For less severe breaches, organisations can face fines of either up to 10 million euros or two percent of the total worldwide annual turnover of the preceding fi­nancial year.

How can compliance cut costs?

While getting to full compliance can be difficult and complicated, once full compliance is achieved, organisations will likely see significant benefits – especially for larger corporations looking to enter new markets.

Since data protection regulations will be the same throughout Europe, organisations no longer need to consult local lawyers to ensure local compliance, which results in direct cost savings and legal certainty.

>See also: GDPR: What do you need to know?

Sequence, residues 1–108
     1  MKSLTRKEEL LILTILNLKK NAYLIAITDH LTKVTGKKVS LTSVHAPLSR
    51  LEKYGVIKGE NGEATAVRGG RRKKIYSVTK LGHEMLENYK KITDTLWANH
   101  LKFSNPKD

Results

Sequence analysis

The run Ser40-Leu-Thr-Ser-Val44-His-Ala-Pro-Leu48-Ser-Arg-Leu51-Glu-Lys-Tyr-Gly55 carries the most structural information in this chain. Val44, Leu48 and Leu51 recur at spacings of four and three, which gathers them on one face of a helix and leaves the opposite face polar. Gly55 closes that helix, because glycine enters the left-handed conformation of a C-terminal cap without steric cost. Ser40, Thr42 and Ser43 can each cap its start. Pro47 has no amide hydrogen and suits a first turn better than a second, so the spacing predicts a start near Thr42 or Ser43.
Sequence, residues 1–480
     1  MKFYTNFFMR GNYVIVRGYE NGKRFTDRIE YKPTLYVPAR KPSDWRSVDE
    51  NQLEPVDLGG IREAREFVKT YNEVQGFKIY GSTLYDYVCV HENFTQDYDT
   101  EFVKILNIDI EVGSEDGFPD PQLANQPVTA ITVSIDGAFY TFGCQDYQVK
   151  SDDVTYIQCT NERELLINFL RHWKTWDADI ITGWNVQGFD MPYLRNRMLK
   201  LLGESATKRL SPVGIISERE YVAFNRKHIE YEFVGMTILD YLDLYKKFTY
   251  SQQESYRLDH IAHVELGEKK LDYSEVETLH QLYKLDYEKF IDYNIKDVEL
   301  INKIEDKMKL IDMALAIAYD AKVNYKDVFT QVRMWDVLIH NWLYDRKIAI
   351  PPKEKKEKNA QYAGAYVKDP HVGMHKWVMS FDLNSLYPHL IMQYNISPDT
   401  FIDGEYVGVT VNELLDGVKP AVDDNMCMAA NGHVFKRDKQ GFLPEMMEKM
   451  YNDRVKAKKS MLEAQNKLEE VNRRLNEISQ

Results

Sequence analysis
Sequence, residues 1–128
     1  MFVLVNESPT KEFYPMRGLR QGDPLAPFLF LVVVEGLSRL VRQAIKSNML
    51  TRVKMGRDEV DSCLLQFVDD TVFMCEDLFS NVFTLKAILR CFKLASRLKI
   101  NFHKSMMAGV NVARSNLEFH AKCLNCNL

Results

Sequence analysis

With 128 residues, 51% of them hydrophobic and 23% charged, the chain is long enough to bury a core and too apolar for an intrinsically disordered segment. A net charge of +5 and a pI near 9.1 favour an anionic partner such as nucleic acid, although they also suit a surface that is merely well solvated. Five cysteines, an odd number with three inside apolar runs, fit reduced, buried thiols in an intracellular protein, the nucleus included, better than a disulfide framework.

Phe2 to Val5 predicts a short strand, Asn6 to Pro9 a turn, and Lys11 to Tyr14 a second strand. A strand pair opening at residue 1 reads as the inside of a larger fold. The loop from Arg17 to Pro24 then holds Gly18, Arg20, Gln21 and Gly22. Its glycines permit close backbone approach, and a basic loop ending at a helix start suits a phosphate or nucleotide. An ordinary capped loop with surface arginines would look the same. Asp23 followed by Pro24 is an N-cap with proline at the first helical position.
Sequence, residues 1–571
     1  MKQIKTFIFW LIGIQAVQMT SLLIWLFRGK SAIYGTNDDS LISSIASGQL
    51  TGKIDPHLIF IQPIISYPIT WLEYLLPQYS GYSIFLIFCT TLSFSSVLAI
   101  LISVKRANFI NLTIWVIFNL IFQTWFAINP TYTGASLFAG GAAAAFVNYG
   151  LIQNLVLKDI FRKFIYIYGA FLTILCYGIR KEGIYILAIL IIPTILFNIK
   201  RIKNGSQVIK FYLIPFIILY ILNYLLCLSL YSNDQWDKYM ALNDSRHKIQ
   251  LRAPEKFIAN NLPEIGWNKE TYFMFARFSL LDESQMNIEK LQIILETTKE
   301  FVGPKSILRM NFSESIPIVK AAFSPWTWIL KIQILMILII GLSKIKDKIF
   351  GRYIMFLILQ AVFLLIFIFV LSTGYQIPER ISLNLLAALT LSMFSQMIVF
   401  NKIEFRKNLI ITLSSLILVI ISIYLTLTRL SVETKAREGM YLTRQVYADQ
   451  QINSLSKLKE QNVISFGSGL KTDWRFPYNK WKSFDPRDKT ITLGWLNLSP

If your organisation will be impacted by the new regulation, your next step is to identify what data you store and process for European citizens, its location, its path from point A to B, by what systems is it processed, etc.

By doing this, you can understand if your organisation has the required tools to protect private data, or it will shed insight onto the tools you may need to support your organisation in achieving GDPR compliance.

Conducting an audit and investing in solutions like data loss prevention can help get you to compliance faster. Treat compliance with GDPR as a project and get a lawyer to ensure you adhere to all guidelines.

>See also: Benchmarking global readiness for the GDPR


Sourced by Roman Foeckl, CEO, CoSoSys

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Nick Ismail

Nick Ismail is the editor for Information Age. He has a particular interest in smart technologies, AI and cyber security.